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Apple opposes judge’s order to hack San Bernardino shooter’s iPhone

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Tashfeen Malik and Syed Farook

(Feb. 17, 2016) — Apple has responded to a California judge’s order to help the FBI break into the phone of one of the San Bernardino shooters with a public letter saying it opposes such a move, labeling the instruction “an overreach by the U.S. government.”

The letter, signed by Apple’s CEO Tim Cook and published Tuesday, warns that complying with the order would entail building “a backdoor to the iPhone,” creating “something we consider too dangerous to create.”

“The government is asking Apple to hack our own users and undermine decades of security advancements that protect our customers — including tens of millions of American citizens — from sophisticated hackers and cybercriminals,” the letter reads.

Such a move would potentially render tens of millions of devices vulnerable.

“No reasonable person would find that acceptable.”

The letter called for a public discussion on the order, saying the company was “challenging the FBI’s demands with the deepest respect for American democracy and a love of our country.”

“We believe it would be in the best interest of everyone to step back and consider the implications,” the letter read.

Passcode thwarts investigators

A judge in California ordered Apple on Tuesday to help the FBI break into the phone of Syed Farook, one of the San Bernardino shooters.

Farook, along with his wife, killed 14 people in San Bernardino, California, in December. The couple was later killed in a shootout with police.

Authorities had obtained permission to retrieve data from the device.

However, investigators had been unable to search the device as it had been locked with a user-generated numeric passcode.

Apple’s operating systems included an auto-erase function that, when enabled, would result in the information on the device becoming permanently inaccessible after 10 failed attempts at inputting the passcode, the government wrote in documents seeking the order.

“We have made a solemn commitment to the victims and their families that we will leave no stone unturned as we gather as much information and evidence as possible. These victims and families deserve nothing less,” Eileen Decker, U.S. Attorney for the Central District of California, said in a statement in response to the court order.

“The application filed today in federal court is another step — a potentially important step — in the process of learning everything we possibly can about the attack in San Bernardino.”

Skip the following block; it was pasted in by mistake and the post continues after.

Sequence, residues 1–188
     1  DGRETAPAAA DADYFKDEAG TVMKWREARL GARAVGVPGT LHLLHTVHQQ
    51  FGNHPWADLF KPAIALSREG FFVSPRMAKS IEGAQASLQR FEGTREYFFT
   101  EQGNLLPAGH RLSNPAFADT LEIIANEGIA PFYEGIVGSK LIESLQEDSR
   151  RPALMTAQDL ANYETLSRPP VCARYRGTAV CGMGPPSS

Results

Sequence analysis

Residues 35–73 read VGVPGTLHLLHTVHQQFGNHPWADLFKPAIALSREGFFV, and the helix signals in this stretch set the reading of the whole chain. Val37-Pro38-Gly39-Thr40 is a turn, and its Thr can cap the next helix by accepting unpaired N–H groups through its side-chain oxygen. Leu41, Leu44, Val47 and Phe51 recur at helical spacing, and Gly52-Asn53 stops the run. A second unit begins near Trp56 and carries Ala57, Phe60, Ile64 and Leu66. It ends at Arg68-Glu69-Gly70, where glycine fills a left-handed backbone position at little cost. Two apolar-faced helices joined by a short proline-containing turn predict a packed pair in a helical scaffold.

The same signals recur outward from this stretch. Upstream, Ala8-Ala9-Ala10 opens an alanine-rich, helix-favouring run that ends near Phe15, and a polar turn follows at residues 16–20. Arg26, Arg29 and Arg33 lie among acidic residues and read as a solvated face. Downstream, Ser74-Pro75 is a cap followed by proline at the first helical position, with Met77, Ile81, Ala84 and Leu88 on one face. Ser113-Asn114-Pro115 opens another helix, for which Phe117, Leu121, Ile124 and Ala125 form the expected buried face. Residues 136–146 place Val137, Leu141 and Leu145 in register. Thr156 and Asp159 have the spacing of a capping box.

iPhone ‘backdoor’

Apple said that the FBI had requested that the tech giant produce a new version of the iPhone operating system which circumvented key security features to install on Farook’s phone.

“In the wrong hands, this software — which does not exist today — would have the potential to unlock any iPhone in someone’s physical possession,” Cook’s letter said.

While the FBI did not describe this as a backdoor into the iPhone, complying with the request would “undeniably” create one, and limiting its use to the Farook case could not be guaranteed, it said.

“The government suggests this tool could only be used once, on one phone. But that’s simply not true. Once created, the technique could be used over and over again, on any number of devices,” it said.

“The same engineers who built strong encryption into the iPhone to protect our users would, ironically, be ordered to weaken those protections and make our users less safe,” the letter continued, adding it could find “no precedent for an American company being forced to expose its customers to a greater risk of attack.”

Apple: Implications ‘chilling’

Apple, which has helped the FBI with similar requests in the past, said in the letter that it had “great respect for the professionals at the FBI, and we believe their intentions are good.”

“We have no sympathy for terrorists,” it said, adding that it did not oppose the order lightly.

But it said that the FBI was proposing “an unprecedented use” of law dating from 1789 to justify an expansion of its authority, the implications of which were “chilling.”

“If the government can use the All Writs Act to make it easier to unlock your iPhone, it would have the power to reach into anyone’s device to capture their data,” it said.

“The government could extend this breach of privacy and demand that Apple build surveillance software to intercept your messages, access your health records or financial data, track your location, or even access your phone’s microphone or camera without your knowledge.”

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